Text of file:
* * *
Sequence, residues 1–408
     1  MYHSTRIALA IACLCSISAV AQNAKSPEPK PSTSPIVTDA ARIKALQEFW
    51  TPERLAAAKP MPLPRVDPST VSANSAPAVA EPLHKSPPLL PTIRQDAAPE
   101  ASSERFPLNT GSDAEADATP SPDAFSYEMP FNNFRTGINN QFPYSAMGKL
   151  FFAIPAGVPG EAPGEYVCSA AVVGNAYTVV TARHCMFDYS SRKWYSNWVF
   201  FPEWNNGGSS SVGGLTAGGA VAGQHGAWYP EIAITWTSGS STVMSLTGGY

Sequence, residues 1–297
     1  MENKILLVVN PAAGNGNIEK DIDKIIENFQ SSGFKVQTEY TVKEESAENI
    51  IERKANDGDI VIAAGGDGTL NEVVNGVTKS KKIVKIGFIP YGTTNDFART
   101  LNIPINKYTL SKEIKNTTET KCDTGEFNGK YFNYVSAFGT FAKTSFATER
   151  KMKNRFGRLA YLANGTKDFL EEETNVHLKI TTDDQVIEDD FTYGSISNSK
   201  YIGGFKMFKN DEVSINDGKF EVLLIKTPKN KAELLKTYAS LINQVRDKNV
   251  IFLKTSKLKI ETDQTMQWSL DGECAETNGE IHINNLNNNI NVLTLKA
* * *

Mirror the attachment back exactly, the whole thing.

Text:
Sequence, residues 1–408
     1  MYHSTRIALA IACLCSISAV AQNAKSPEPK PSTSPIVTDA ARIKALQEFW
    51  TPERLAAAKP MPLPRVDPST VSANSAPAVA EPLHKSPPLL PTIRQDAAPE
   101  ASSERFPLNT GSDAEADATP SPDAFSYEMP FNNFRTGINN QFPYSAMGKL
   151  FFAIPAGVPG EAPGEYVCSA AVVGNAYTVV TARHCMFDYS SRKWYSNWVF
   201  FPEWNNGGSS SVGGLTAGGA VAGQHGAWYP EIAITWTSGS STVMSLTGGY

Sequence, residues 1–297
     1  MENKILLVVN PAAGNGNIEK DIDKIIENFQ SSGFKVQTEY TVKEESAENI
    51  IERKANDGDI VIAAGGDGTL NEVVNGVTKS KKIVKIGFIP YGTTNDFART
   101  LNIPINKYTL SKEIKNTTET KCDTGEFNGK YFNYVSAFGT FAKTSFATER
   151  KMKNRFGRLA YLANGTKDFL EEETNVHLKI TTDDQVIEDD FTYGSISNSK
   201  YIGGFKMFKN DEVSINDGKF EVLLIKTPKN KAELLKTYAS LINQVRDKNV
   251  IFLKTSKLKI ETDQTMQWSL DGECAETNGE IHINNLNNNI NVLTLKA